A few summers ago, my family took a family trip to Toronto. We'd never been there before, so we didn't know what to see. But all the guidebooks said you have to go up the CN Tower, the world's tallest building and freestanding structure. I didn't think that was such a good idea, because I have a real fear of heights. Just looking at 1,815 feet in the guidebook gave me a bad feeling. But the kids insisted, "Come on, Dad! We have to go!" So against my better judgment, we went.
When we got there, I was the last one into the elevator. Following the universal law of elevators, I turned around and faced the door. It was only as we started up that I realized the door of this elevator was made of glass, and we were affixed to the outside of the CN Tower. So as we were racing up this tower, Toronto was falling away at our feet. My palms started to sweat. My throat tightened up, and I began breathing harder. I told myself, It's going to be okay. Pretty soon, we're going to be on the observation floor, and we're going to be okay.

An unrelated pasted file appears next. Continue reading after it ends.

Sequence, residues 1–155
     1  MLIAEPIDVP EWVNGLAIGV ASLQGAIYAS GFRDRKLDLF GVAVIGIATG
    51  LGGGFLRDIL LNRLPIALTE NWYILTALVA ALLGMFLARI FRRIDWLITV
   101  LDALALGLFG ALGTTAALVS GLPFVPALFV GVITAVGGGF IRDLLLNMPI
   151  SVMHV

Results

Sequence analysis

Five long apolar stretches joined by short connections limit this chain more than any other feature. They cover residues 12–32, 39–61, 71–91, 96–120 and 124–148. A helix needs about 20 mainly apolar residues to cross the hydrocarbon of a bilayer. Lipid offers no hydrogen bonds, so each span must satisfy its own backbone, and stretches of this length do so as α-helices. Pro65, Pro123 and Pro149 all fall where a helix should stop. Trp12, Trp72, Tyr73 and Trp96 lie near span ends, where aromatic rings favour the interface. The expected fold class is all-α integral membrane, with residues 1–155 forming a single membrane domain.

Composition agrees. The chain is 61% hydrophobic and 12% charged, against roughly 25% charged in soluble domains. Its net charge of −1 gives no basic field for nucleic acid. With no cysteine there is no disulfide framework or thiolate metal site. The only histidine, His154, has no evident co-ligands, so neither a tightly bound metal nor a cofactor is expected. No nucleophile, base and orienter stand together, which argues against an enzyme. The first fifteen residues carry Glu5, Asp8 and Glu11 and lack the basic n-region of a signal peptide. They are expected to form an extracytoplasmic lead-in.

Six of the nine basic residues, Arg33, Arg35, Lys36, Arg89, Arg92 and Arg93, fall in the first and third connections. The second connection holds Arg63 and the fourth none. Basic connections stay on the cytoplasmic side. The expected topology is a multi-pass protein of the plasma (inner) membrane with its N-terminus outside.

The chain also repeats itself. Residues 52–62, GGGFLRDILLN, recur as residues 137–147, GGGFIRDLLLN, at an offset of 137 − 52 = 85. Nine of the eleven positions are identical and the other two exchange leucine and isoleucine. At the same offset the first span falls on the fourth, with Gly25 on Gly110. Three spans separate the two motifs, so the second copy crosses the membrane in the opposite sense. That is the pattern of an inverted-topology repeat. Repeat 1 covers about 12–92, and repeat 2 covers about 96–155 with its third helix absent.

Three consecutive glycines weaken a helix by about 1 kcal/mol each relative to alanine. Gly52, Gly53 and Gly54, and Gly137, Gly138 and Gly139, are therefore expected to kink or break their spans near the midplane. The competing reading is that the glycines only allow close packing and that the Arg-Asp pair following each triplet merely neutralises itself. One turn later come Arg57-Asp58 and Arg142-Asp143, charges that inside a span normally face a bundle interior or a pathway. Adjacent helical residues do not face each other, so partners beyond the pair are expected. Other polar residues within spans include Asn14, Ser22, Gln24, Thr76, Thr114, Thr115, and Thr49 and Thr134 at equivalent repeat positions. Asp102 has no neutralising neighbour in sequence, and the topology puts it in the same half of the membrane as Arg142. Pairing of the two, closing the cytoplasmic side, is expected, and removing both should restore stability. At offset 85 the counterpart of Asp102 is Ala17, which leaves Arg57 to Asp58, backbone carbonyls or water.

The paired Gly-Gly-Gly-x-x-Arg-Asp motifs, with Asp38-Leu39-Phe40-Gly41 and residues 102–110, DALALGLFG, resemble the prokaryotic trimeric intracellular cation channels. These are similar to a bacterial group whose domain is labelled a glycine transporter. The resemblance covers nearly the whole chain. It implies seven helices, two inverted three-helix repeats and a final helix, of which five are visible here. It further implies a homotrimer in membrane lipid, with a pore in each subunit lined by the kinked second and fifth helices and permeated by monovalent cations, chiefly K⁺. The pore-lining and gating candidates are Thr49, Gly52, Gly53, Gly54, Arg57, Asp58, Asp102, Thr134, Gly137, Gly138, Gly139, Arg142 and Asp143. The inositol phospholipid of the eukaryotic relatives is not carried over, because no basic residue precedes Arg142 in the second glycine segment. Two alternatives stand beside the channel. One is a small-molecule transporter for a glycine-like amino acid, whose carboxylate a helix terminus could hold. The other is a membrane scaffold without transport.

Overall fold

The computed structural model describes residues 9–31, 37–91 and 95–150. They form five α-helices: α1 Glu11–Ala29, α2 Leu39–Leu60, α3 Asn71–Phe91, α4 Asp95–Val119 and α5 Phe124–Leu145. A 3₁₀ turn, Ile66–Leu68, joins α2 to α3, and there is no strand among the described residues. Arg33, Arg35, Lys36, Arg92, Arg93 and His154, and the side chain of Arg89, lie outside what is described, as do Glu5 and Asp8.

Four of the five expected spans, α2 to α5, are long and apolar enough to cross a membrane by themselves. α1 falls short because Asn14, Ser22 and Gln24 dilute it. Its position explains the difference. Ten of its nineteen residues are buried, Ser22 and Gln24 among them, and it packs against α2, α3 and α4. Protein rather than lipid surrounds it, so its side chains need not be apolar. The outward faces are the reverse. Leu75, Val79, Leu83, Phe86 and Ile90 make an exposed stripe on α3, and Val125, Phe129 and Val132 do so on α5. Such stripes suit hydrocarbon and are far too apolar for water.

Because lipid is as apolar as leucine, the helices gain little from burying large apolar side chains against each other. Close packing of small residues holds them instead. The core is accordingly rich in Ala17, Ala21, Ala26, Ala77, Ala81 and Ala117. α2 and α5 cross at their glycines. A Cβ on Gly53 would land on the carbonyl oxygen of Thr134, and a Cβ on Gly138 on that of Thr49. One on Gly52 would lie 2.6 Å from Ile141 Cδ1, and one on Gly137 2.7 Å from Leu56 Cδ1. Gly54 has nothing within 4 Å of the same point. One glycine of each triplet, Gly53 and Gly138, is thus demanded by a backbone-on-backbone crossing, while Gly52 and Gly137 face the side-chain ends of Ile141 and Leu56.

I was the first one off the elevator, thankfully. I got onto the observation floor, and there I discovered some sadist had installed a glass floor so you could walk around and look down. The kids were saying, "Come on, Dad!" They were out there jumping up and down on it, lying on this glass floor. I could not do it; I could not look all the way down.
That same year we went to the Grand Canyon. At the Grand Canyon, you stand at the south rim and you peer 6,000 feet down to the bottom. Unlike the CN Tower, there are no solid blocks of glass separating you from your doom. As the guidebook states, every year, on average, four or five people die at the Grand Canyonsome from "overly zealous photographic ...
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